400 Spring Ridge Drive Wyomissing, PA 19610
|

3D Printing in Healthcare: An Intern’s Perspective

The first 3D printer was developed in the mid-1980’s by Charles W. Hull. At the time, the technology was revolutionary. Taking something simple such as a drawing and being able to model it into something that could be printed in 3D changed the way we design things. Over time, the technology has grown and continues to become more advanced. Today, 3D printers are not just seen in big commercial industries. They can be seen in colleges, small business, and even at people homes. The current price range for 3D printers can range from $200 to well over $100,000. They have become easier to use and compatible with many different types of systems, allowing for a high versatility. Originally, and today, most simple 3D printers use certain types of plastic to print things. But more expensive printers use other materials and have the capacity to print all sorts of things. With this is mind, we ask ourselves, what can 3D printing technology really do?

3D printing technology currently and will continue to create huge opportunities for the medical industry. According to a recent analysis, the market for medical 3D printing is estimated to be valued at approximately $1.25 billion. This number is expected to grow, reaching upwards of $6 billion within the next decade. 3D printing technology is currently used is multiple different branches of healthcare, and over time, this number will continue to expand.

One of the biggest specialties that benefits from 3D printing is Orthopedics. Dealing with the body’s musculoskeletal system, orthopedic medicine involves bones, joints, ligaments, muscles, and nerves. This complex system is what allows us to move and work. Since we rely on this system so much, it is quite common to have issues such as a broken bone, or a torn muscle. In some cases, people can even be born with a missing joint. Often, when these issues arise, surgery is required. Orthopedic surgery often utilizes what are known as orthopedic implants, medical devices used to replace a missing joint or bone. 3D printing technology can be used to make these implants, producing more enhanced and more flexible devices. Due to the design flexibility, these implants can be designed for very specific purposes. For example, by utilizing 3D printing technology, a doctor can create an implant with a porous surface structure, facilitating quicker integration between an artificial implant and a currently living bone. The ability to make patient specific implants with enhanced design and specific purpose is why orthopedic medicine has shot towards the front of specific medical branches that can utilize the potential of 3D printing.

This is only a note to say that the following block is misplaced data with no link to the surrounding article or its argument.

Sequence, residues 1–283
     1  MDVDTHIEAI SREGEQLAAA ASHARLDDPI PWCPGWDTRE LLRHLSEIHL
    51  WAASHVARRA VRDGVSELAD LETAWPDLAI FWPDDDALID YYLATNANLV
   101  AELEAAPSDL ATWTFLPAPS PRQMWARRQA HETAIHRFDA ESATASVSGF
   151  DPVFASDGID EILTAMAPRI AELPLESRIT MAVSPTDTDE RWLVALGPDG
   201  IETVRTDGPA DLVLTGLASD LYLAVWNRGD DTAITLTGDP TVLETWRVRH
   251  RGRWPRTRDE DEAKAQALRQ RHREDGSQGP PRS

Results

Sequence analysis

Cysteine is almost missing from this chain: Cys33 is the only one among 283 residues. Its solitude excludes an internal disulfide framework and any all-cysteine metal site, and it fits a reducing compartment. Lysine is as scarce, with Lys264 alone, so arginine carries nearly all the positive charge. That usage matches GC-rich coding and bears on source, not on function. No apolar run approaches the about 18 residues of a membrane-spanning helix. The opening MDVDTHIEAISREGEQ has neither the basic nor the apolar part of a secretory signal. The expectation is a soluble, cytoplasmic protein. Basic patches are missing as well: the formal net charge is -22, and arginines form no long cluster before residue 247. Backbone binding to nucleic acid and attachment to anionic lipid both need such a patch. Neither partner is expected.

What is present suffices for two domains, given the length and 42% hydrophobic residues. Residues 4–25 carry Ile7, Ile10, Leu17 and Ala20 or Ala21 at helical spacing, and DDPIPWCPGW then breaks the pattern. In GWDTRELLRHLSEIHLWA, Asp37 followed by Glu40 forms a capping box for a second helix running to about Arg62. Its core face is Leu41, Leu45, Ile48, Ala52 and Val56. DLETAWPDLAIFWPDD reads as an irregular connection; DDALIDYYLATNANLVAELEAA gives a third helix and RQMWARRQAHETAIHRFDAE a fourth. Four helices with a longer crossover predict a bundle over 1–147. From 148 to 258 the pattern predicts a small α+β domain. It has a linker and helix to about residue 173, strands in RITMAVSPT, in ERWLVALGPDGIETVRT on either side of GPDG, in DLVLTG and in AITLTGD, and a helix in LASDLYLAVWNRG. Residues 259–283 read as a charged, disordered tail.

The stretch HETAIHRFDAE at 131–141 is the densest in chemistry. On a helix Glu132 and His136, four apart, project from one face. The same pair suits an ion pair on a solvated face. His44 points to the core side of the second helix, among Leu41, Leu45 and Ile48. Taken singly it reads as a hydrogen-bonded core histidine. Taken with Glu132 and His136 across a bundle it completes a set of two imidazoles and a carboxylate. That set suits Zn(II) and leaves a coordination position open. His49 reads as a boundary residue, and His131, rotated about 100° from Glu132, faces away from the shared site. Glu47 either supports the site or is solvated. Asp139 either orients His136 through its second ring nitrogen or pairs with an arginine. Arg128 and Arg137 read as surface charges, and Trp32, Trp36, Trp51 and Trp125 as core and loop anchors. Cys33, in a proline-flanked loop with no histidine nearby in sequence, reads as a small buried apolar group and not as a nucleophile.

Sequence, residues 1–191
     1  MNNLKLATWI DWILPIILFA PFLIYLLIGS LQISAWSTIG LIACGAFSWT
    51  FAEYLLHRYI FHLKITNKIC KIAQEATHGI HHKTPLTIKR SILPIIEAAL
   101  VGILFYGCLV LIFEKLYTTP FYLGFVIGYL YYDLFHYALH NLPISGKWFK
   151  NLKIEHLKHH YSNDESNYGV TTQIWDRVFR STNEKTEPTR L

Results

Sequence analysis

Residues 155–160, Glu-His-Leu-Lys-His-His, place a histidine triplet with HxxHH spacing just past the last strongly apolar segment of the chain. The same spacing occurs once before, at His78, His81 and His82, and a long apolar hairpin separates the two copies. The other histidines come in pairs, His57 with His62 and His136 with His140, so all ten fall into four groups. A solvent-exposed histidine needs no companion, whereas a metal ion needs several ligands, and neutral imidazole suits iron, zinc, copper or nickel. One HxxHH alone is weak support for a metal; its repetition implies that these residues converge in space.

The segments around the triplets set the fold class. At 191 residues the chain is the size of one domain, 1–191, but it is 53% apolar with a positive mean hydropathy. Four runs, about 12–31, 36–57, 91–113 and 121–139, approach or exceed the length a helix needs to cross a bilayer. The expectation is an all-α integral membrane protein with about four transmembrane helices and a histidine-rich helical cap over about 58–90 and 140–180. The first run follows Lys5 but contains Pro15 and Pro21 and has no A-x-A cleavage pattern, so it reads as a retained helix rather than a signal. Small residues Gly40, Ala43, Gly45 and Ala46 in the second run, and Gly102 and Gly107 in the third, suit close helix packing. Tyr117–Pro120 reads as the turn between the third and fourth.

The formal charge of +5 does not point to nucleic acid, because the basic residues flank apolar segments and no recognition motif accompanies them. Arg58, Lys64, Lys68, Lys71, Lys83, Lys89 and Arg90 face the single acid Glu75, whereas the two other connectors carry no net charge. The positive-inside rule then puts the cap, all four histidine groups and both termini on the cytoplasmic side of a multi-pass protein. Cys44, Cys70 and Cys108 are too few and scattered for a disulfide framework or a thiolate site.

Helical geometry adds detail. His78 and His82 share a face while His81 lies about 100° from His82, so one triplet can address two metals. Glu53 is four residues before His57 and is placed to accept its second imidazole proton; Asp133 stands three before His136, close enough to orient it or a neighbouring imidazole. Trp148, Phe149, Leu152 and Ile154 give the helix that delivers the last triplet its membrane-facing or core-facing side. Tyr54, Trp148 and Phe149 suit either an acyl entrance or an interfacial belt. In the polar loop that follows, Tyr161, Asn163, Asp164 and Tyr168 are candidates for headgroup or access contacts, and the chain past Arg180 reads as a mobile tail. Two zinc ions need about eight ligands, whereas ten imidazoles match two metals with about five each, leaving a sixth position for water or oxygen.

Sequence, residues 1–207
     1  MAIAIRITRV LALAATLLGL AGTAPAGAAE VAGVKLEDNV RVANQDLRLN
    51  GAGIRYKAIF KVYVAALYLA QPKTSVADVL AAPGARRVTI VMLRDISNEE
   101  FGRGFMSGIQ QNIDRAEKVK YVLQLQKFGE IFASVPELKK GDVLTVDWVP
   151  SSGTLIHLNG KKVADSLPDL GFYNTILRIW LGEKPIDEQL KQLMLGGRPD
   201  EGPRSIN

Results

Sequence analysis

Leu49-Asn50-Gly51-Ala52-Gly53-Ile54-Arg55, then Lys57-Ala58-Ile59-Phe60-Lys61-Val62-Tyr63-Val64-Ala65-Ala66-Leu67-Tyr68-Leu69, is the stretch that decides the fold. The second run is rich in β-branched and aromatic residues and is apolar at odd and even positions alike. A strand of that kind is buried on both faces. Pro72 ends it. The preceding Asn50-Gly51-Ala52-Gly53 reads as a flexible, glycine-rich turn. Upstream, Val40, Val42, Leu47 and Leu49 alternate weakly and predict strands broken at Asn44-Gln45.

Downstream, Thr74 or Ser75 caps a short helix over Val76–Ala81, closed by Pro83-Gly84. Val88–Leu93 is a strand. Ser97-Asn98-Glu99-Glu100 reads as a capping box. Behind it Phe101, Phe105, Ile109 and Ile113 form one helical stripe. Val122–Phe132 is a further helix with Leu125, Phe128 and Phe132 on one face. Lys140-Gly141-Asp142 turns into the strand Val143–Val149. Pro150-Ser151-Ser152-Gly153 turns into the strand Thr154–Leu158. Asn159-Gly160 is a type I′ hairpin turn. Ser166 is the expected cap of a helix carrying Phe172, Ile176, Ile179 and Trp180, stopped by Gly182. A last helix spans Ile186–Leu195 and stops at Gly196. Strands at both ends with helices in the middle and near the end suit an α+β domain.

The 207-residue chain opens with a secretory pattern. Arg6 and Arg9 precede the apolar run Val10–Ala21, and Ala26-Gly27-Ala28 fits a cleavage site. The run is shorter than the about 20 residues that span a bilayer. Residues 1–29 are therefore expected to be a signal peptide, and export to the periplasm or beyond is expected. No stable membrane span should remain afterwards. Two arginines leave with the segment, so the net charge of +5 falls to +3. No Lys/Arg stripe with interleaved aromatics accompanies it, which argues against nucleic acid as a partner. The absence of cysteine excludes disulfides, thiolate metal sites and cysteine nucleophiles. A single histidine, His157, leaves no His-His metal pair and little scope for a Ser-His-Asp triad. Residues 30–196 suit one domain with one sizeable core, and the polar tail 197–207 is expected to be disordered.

Personalized surgery is another medical branch is increasingly utilizing 3D printing technology. Before any surgery, it is critical that a unique, detailed plan be developed for the patient. Since every patient is different, it is important that everyone involved is on the same page. By starting with a CT or an MRI scan, a digital model can be created, and 3D printed, creating a detailed, high-accuracy 3D model that can be used to assist in pre-surgical planning. This can help reduce the time a patient spends in an operating room, and ultimately help lead to fewer complications. While performing surgery, it is also critical that the right tools be used. This is another area that utilizes 3D printing technology. Doctors can 3D print personalized surgical tools from forceps to scalpel handles, and even clamps. These personalized tools can help increase dexterity and make an overall surgery easier for all those involved.